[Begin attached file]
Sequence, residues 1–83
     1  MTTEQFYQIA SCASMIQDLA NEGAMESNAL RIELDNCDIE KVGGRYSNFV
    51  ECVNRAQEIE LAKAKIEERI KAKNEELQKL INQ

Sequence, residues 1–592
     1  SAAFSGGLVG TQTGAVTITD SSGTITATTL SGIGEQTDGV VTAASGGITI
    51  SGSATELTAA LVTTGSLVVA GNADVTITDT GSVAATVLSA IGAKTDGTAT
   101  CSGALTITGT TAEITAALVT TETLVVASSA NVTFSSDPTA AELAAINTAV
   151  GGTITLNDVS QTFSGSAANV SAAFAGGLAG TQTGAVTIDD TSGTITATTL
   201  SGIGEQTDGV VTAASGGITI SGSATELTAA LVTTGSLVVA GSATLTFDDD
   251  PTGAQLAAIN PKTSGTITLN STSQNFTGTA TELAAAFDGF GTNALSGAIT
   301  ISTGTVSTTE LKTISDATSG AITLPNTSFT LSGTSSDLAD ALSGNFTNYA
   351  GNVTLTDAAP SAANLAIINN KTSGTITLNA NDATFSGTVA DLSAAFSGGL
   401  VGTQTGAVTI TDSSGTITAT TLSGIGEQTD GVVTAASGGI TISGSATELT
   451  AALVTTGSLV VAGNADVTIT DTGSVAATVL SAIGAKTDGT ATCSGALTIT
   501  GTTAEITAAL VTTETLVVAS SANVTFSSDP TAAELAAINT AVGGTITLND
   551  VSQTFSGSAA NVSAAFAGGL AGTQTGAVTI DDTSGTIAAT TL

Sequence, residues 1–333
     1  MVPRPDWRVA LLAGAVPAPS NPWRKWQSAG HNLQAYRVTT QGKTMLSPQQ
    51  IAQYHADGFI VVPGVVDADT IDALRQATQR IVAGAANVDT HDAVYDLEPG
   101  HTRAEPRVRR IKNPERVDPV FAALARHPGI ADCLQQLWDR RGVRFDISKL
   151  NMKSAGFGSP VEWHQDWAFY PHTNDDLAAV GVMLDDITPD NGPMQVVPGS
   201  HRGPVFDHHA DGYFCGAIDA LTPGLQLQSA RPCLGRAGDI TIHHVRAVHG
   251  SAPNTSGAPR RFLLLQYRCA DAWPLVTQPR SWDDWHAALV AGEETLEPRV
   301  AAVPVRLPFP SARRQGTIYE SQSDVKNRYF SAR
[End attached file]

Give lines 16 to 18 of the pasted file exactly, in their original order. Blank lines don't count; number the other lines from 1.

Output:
   551  VSQTFSGSAA NVSAAFAGGL AGTQTGAVTI DDTSGTIAAT TL

Sequence, residues 1–333
     1  MVPRPDWRVA LLAGAVPAPS NPWRKWQSAG HNLQAYRVTT QGKTMLSPQQ